No slowdown for small business holiday sales
Early numbers show it was a lackluster holiday shopping season for national retailers, with growth at its lowest point since the height of the recession in 2008.
Mastercard’s SpendingPlus Report has sales over the two months before Christmas up only .7 percent from last year. That’s far less than some expectations, which predicted growth in the 3 to 4 percent range.
That flat line, though, doesn’t appear to have hit local small businesses. In fact, it’s just the opposite. At Kathy Hasakis’ LeClaire, Iowa, boutique, there’s been no sign of a slowdown.
“I personally have not seen that. We try to stay competitive with our pricing here at Vignettes, and I think that that’s been reflected by shoppers who possibly were being a little more frugal or trying to stay to a budget,” said Hasakis.
At shops up and down Cody Road, it’s a similar story.
“It’s been better than the last four years I would say. I think that the economy’s picking up a little bit,” said Razzleberries owner Mary Chambers.
The small store owners credit much of their success to the town’s ability to turn holiday shopping into an event.
“We started off with Black Friday, and it was so busy that weekend, and then we went right into Small Business Appreciation Day, and we doubled what we did on Black Friday,” said Sam DenBesten at Grasshoppers Gift Shop.
Whether it’s an organized weekend like “Christmas in LeClaire” or just another Wednesday, for small business, it’s all about the experience.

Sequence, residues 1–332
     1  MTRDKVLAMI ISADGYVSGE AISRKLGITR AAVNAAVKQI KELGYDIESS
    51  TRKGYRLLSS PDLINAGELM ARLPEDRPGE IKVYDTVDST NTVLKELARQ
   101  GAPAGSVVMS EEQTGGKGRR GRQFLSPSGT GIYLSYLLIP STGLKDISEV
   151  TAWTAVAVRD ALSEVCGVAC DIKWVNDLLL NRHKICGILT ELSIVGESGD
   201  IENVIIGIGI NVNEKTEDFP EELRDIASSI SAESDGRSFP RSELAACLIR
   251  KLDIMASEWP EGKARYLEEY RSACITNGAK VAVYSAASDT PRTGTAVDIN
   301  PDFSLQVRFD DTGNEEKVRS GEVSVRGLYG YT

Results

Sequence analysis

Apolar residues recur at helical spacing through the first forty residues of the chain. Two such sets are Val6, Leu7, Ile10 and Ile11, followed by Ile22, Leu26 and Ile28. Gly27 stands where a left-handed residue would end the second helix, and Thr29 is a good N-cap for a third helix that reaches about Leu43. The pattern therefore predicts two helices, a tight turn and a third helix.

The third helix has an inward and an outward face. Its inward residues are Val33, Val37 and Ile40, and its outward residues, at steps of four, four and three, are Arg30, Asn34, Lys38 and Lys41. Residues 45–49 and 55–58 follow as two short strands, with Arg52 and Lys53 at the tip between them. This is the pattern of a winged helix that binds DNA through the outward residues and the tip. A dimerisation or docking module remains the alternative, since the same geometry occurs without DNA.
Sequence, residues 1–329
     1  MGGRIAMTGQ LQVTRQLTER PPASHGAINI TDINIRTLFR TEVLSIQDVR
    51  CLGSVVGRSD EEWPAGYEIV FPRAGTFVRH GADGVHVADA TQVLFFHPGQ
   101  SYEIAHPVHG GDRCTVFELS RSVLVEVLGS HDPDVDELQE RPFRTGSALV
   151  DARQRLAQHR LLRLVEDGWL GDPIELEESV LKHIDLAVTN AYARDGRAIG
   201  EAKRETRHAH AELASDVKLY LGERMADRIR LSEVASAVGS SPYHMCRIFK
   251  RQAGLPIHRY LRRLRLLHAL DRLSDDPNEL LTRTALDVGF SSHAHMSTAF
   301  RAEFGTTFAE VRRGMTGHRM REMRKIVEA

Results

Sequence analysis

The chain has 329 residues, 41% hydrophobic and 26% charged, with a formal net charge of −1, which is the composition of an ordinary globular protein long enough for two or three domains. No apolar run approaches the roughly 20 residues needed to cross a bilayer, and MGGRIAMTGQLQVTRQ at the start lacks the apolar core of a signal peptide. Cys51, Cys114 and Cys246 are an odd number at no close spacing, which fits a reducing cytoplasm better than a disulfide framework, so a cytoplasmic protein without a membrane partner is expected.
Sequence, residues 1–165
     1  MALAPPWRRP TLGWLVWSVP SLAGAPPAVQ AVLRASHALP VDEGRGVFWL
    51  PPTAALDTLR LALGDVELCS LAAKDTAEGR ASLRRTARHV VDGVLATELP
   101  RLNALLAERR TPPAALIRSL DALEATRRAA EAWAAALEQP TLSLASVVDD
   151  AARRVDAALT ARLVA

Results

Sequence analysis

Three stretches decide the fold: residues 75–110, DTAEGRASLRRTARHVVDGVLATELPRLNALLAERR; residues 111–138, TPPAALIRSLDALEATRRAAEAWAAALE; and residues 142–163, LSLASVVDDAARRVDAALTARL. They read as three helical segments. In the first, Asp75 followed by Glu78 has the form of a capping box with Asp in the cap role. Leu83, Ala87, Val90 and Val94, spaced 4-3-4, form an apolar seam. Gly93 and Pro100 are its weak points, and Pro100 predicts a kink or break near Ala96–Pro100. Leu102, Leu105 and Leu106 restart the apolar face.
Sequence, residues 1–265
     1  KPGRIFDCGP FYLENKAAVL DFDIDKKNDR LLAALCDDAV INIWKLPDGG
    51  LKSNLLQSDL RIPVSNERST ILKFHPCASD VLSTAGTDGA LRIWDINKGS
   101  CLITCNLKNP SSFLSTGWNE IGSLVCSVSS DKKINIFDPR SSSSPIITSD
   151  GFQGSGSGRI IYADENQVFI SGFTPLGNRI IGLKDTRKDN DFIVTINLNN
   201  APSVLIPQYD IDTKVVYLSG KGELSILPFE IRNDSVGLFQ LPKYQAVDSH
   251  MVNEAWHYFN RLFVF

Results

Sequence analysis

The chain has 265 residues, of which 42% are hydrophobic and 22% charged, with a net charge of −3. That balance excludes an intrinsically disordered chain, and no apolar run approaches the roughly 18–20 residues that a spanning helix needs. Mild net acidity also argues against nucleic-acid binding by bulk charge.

“Versus online shopping, people get away from being able to touch it and experience that; being out with friends. I think that’s the biggest thing that we as a small town have to offer,” said Hasakis.
And while the national sales forecast looks bleak, local business has gotten a boost from a different kind of forecasting.
“It’s also kind of weather related, and it’s been great for the last two years,” said Chambers.
Wednesday, the day after Christmas had already brought more shoppers, taking advantage of holiday markdowns.
“I’ve noticed that the trend is after Christmas, when everything settles down and the weather might even be bad, people kind of need another pickup and sometimes coming shopping or just getting out… it can be very good,” added Chambers.
So although Christmas may be over, the holiday shopping season isn’t. The final week of December actually makes up about 15 percent of the month’s sales, meaning retailers, big and small, may still have a chance to make up any lost ground.